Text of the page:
WATER QUALITY CHECKS ON RIVER ATUWARA, SOUTH-WEST NIGERIA
Free (open access)
165 - 173
DAVID O. OMOLE, ADEBANJI S. OGBIYE, EZECHIEL O. LONGE, IFE K. ADEWUMI, OLUGBENGA O. ELEMILE, THEOPHILUS I. TENEBE
Some water-use practices taking place along River Atuwara are conflicting and detrimental to public health and the environment. The Ogun State Water Corporation (OGSWC), which has the responsibility of supplying piped water to residents and industrial firms, also withdraws raw water from River Atuwara. However, OGSWC has low capacity to meet demand, thus many residents’ recourse to alternative water sources including withdrawing water from the river for domestic purposes. At the upstream section of River Atuwara, however, waste deposits from illegal discharges of effluent from industries and sewage collectors are made into the river. Water samples were obtained from the upstream point where wastes are deposited into the river as well as the downstream location where villagers draw the water. Chemical parameters tested for include heavy metals such as iron, zinc, lead, cadmium, copper, nickel, and chromium. Additionally, nitrate and nitrite were tested. Tested biological parameters include total coliform and total bacteria count while tested physical parameters include pH, temperature, dissolved oxygen, total dissolved solids, total suspended solids, and turbidity. All parameters were determined using standard laboratory methods. The results were compared to the Nigerian standard for drinking water quality (NSDWQ). Results indicate that the water being consumed by the villagers is unfit for drinking as lead, nickel, nitrite, and total coliform exceeded the standard limit by 900%, 6,910%, 8,000%, and 1,610% respectively. The researchers recommended that the government needs to protect the helpless villagers from industrial polluters by deploying appropriate law enforcement agents. Also, advocacy programs should be launched to educate villagers on dangers of ingesting raw water from River Atuwara. Also, methods for home treatment of identified pollutants from the river should be taught to the users. These measures are necessary to protect public health from a possible outbreak of epidemic.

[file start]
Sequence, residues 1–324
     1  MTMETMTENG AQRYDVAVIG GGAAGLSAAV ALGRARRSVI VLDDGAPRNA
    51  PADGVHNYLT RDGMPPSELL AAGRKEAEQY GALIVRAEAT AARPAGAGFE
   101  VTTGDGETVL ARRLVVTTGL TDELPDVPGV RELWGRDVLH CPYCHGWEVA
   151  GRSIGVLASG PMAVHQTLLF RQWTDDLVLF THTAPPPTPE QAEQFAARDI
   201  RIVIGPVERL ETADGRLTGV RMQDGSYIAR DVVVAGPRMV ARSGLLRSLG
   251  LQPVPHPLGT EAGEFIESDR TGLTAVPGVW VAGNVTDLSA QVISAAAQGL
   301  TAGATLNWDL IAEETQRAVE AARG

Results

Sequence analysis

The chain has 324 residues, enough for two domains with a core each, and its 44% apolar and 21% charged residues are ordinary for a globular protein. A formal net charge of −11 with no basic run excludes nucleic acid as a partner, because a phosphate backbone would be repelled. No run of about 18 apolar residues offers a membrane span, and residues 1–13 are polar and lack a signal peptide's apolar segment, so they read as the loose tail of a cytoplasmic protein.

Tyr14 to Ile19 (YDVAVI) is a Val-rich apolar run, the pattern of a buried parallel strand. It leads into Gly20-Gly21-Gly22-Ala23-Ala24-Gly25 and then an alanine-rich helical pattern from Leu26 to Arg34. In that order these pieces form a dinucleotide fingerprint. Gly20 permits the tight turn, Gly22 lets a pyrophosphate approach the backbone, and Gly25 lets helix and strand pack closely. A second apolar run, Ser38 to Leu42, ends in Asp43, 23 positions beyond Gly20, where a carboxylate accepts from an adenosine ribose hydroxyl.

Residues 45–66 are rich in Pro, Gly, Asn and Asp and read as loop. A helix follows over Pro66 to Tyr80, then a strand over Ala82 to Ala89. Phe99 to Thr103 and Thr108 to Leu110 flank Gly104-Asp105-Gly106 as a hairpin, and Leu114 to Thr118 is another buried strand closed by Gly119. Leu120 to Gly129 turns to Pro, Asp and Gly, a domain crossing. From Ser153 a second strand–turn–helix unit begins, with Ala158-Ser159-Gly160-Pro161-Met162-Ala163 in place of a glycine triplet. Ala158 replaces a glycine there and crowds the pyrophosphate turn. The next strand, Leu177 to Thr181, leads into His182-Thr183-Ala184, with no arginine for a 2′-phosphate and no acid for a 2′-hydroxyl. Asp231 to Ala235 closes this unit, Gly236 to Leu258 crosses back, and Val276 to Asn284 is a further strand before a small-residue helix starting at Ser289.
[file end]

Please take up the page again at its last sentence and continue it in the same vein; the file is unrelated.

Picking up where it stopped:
river, pollution, water quality standards, heavy metals, drinking water, public health, dissolved oxygen